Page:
Warsaw, Poland – As world leaders gather in Davos to discuss global issues, Polish Prime Minister Mateusz Morawiecki and his Japanese counterpart Shinzo Abe announced on Tuesday in Tokyo that their two countries would step up cooperation on low-carbon energy, such as hydrogen and nuclear power.
Morawiecki, who is visiting Japan for the first time as Prime Minister for a summit aimed at strengthening strategic partnership between the two countries, stated at a joint news conference with Abe that further cooperation on energy was “desirable”, taking into account both countries’ dependence on coal.
“I’d like to make our bilateral relations more robust with Prime Minister Morawiecki and contribute as strategic partners to regional and global peace and prosperity”, Shinzo Abe said.
“We agreed to coordinate our efforts to maintain the rules-based international order and cooperation between Japan and the Visegrad Four”, he added, thereby including the Czech Republic, Slovakia and Hungary.
Poland’s long and winding road to climate neutrality
After its coal reliance has put the country at odds with the EU’s goal to reach climate neutrality by 2050, it was announced last week that Poland will be the top beneficiary of the €100-billion EU climate fund meant to help coal-reliant regions move away from fossil fuels and towards a greener economy and more sustainable energy mix.
This comes only a few months after Poland and France crossed swords over comments made by the French President Emmanuel Macron criticizing Warsaw’s lack of commitment to tackling climate change. Poland was indeed the only country not to take part in the EU’s 2050 climate neutrality goal last year, originally opposed by four countries (including the Czech Republic and Hungary). The other countries eventually signed up to the EU’s goal to achieve carbon-emission neutrality by mid-century, leaving Poland as the only country to negotiate an opt-out.
While Poland’s Energy Minister Krzysztof Tchorzewski claimed last year that it was “a fantasy” to try to reach net zero emissions by 2050, a recent World Wildlife Fund (WWF) study has shown that Poland’s path to climate neutrality and zero net emissions is both “affordable and feasible”.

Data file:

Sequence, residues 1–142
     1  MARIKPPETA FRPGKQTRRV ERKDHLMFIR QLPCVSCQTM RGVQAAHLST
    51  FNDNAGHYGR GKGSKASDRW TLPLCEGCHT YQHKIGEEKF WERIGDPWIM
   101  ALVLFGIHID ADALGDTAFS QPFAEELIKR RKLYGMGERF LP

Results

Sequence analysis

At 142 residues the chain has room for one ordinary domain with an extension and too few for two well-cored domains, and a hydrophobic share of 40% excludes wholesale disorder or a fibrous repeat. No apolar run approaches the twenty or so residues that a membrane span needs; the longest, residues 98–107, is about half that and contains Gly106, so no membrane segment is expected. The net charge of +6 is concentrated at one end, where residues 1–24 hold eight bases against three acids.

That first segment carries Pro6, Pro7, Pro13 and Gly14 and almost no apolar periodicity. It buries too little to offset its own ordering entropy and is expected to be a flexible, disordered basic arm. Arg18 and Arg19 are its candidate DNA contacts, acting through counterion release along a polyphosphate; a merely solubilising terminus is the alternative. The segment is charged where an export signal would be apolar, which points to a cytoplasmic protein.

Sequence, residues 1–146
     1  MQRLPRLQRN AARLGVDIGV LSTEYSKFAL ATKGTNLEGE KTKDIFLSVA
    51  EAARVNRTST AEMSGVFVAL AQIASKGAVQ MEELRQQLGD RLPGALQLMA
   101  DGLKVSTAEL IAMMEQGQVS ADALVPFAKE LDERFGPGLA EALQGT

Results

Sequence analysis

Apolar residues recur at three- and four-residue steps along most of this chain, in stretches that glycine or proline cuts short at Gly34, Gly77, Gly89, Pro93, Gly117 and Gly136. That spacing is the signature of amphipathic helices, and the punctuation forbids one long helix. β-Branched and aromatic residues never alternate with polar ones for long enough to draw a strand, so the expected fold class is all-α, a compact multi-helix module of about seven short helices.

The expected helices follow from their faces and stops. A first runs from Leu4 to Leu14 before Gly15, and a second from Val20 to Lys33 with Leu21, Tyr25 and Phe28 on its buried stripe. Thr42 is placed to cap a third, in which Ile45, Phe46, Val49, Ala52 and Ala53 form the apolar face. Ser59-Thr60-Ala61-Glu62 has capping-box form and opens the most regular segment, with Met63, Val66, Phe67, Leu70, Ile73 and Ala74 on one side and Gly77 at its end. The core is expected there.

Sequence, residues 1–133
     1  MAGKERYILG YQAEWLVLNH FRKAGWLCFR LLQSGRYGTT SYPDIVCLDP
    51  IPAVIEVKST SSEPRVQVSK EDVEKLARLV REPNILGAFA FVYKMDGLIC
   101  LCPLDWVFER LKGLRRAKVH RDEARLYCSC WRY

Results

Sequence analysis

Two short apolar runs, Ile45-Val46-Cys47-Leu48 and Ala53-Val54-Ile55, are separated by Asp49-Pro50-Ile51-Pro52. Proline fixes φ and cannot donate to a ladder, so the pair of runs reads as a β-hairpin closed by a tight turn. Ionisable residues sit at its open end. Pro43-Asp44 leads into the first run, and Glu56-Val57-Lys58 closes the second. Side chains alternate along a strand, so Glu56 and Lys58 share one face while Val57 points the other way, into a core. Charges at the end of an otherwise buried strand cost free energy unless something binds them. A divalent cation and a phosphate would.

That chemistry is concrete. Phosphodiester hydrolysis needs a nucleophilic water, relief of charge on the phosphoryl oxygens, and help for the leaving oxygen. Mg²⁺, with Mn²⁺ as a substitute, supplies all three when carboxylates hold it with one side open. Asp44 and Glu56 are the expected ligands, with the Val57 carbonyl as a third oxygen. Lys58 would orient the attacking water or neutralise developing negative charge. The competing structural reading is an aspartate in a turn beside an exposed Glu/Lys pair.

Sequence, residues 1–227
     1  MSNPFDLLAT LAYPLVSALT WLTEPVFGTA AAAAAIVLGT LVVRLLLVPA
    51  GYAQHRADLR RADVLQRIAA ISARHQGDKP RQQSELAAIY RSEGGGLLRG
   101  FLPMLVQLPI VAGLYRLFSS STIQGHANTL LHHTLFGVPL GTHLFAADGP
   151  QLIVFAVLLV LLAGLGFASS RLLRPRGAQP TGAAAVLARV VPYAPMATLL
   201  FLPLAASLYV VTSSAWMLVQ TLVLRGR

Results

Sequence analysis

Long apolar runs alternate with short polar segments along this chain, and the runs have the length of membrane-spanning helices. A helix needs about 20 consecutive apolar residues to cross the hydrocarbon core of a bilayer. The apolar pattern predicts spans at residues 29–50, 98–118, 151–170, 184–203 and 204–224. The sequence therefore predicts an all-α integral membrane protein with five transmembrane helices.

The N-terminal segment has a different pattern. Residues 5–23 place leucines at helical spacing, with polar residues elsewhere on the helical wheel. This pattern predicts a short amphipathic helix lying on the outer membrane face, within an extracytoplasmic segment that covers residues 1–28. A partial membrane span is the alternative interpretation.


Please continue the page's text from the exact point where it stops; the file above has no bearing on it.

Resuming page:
Last week, Hungarian Prime Minister Viktor Orban unveiled the government’s climate and environmental strategy, an ambitious plan the Hungarian Premier has gone to great lengths to describe as a “Christian-democratic approach” to tackling climate change.
Japan’s post-Fukushima coal revival
Much like Poland, Japan has drawn a lot of criticism from both in and outside the country for going against the international trend of moving away from coal-fired energy production that emits more than double the carbon dioxide generated by liquid natural gas-fueled plants.
Japan is poor in resources such as oil and natural gas. The country built numerous coal-fired power plants in the aftermath of the “oil shock” of the 1970s in order to reduce its reliance on oil and diversify its energy sources. As climate change issues grew in importance, the government sought to increase reliance on nuclear power and to reduce its dependence on coal. However, the 2011 Fukushima disaster has severly hampered those plans.
From 2016 to 2018 the nation fired up at least eight new coal power plants. This coal revival is seen by many as having alarming implications for air pollution and Japan’s ability to meet its pledges to cut greenhouse gases.
Tokyo and Warsaw celebrated their 100th year of diplomatic ties last year.